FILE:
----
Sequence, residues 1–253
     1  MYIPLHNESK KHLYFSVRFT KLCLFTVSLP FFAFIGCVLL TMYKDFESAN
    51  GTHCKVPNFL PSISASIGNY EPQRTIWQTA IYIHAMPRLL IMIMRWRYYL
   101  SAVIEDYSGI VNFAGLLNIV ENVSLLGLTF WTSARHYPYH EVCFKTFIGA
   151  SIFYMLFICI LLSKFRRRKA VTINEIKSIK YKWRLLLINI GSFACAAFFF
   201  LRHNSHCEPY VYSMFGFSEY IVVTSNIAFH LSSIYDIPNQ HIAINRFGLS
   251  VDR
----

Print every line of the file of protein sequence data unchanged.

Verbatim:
Sequence, residues 1–253
     1  MYIPLHNESK KHLYFSVRFT KLCLFTVSLP FFAFIGCVLL TMYKDFESAN
    51  GTHCKVPNFL PSISASIGNY EPQRTIWQTA IYIHAMPRLL IMIMRWRYYL
   101  SAVIEDYSGI VNFAGLLNIV ENVSLLGLTF WTSARHYPYH EVCFKTFIGA
   151  SIFYMLFICI LLSKFRRRKA VTINEIKSIK YKWRLLLINI GSFACAAFFF
   201  LRHNSHCEPY VYSMFGFSEY IVVTSNIAFH LSSIYDIPNQ HIAINRFGLS
   251  VDR